12. 2 point rolls show better than 4 or 8 points. If you need to add K when you finish sequence construction to meet the minimum requirements, start out by adding 2 point rolls first.
13. Avoid 45 lines as much as possible, especially in a Pitts. The round fuselage makes it difficult to judge.
14. Keep figures you don't score well on to a minimum K. Do a 90 degree roller whenever possible rather than a 180, 270, or 360.
15. Put in a wind corrector every 5 figures.
16. Make sure you ALWAYS meet the maximum K requirements for a sequence.
17. Use all the figures you're allowed to minimize the cost of a blown figure.
18. If you're pushing to the vertical, try to keep the line without rolls.
19. If you only need 2 snap rolls, then only use 2 snaps. Snap rolls are harder to stop, are less reliable, and get you no extra points.
20. Don't start with a hammerhead. The day may come when the ceiling is low and the optional break will be needed. The first figure is usually the highest altitude figure, and it's easiest to push/pull around a humpty than punch a cloud waiting to slow down enough to kick on the hammerhead.
21. Choose a figure 1 that has the least complex judging criteria so that the judges have to score you well at the start. They'll get a good first impression, and may subconsciously give you better scores later in the sequence.
22. Enter spins after a figure ending with a 45 line or vertical line. You won't have to slow down for spin entry causing you to lose altitude or fly out of the box waiting to slow down.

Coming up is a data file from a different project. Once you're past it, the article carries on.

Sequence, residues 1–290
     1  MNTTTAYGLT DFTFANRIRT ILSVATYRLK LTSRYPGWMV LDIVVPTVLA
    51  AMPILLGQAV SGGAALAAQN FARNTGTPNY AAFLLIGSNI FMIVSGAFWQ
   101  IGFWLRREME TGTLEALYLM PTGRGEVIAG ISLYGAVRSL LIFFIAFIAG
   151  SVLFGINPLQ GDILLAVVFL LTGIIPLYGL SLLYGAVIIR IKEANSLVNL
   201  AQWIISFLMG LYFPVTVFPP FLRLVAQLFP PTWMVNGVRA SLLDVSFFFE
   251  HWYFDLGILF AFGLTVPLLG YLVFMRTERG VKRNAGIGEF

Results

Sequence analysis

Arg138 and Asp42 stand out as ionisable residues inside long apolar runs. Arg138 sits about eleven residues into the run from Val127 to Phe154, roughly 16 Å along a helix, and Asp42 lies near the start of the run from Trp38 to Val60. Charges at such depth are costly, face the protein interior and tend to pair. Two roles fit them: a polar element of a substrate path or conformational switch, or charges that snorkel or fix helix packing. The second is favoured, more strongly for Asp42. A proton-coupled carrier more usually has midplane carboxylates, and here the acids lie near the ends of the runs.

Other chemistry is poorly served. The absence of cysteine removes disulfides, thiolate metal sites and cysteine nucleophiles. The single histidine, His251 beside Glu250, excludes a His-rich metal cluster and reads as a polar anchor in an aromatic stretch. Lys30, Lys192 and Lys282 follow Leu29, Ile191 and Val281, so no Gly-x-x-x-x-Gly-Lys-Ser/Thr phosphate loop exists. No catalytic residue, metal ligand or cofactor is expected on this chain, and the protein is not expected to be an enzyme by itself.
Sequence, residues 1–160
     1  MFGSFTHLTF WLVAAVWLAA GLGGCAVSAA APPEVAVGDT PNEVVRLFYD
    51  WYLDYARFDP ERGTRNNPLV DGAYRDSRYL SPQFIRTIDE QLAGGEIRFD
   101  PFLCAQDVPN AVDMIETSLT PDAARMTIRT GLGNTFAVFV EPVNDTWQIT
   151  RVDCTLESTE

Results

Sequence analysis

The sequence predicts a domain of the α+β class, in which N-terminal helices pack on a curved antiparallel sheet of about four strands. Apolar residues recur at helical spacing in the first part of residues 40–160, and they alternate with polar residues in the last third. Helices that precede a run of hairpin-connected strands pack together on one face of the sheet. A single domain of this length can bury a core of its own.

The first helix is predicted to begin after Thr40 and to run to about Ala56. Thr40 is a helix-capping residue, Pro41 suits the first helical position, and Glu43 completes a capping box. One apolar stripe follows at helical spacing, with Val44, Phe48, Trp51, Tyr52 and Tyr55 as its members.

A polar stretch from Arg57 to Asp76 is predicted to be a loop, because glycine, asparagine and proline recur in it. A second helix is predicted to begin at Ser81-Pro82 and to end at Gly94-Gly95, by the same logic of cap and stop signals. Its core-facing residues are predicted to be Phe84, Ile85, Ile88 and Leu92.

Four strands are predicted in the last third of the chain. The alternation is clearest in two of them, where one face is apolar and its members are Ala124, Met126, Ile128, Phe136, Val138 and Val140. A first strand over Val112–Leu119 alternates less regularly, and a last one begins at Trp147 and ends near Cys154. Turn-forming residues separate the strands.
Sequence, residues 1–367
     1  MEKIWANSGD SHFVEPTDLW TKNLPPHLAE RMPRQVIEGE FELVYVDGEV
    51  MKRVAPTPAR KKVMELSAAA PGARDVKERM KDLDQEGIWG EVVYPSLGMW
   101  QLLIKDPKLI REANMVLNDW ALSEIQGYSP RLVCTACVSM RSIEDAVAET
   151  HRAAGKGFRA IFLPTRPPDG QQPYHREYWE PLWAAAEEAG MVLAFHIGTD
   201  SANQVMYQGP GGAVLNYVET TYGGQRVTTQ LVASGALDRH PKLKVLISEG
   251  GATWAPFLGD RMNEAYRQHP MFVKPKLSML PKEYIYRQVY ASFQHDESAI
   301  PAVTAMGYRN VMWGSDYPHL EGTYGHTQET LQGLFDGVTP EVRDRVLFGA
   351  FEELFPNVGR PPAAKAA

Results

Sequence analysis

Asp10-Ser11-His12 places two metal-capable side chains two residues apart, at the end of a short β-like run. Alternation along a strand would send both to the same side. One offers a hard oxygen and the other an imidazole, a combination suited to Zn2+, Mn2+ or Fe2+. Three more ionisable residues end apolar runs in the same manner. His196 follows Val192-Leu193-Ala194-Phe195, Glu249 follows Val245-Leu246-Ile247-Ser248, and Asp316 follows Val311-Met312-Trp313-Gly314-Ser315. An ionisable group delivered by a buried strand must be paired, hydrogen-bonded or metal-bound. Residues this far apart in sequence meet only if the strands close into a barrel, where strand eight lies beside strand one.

23. Always spin 1 1/2 turns. One turn stops flat and requires a big push. 1 1/4 spins stop with a wing low that you have to correct. 1 1/2 spins stop relatively vertical and require less corrective input from the pilot.
24. Exploit low speed, accellerating flight, and avoid high speed downward excursions. Any time you are at low speed at full power, you are gaining energy. Anytime you are flying faster than the speed you can sustain level at full power, then you are losing energy fast. Drag is greater than thrust and you must consequently slow down even if flying level.
25. Never place a full loop in a freestyle.
26. Do Humpties into the wind.
27. Place more difficult figures early in the sequence so you can get them done while you are fresh and strong and can ease through the rest of the sequence.
28. Never place a big altitude loser late in the sequence. Don't get caught low at the end.
29. Either use a template or a computer to draw your sequences. Give the judges a good impression right from the start.
30. Speaking of good impressions. WING WAG LIKE YOU MEAN IT! Three fast dips of the wing facing the judges looks good, and makes the judges think they're going to see a great flight.
31. Begin Immellmanns downwind, and Split S's upwind. Reason? The roll should be INTO the wind to help avoid the costly 2 point deduction of drawing a line between the loop and the roll.
Hope this helps. I was able to put more detail into the Newsletter, so if you have any questions on this "Reader's Digest" version let me know and I'll send you the more detailed examples. Thanks again to Warren Anderson, Alan Cassidy, Bob Stark, and Clyde Cable for sharing their wisdom!!!!
Take care and Fly Safe!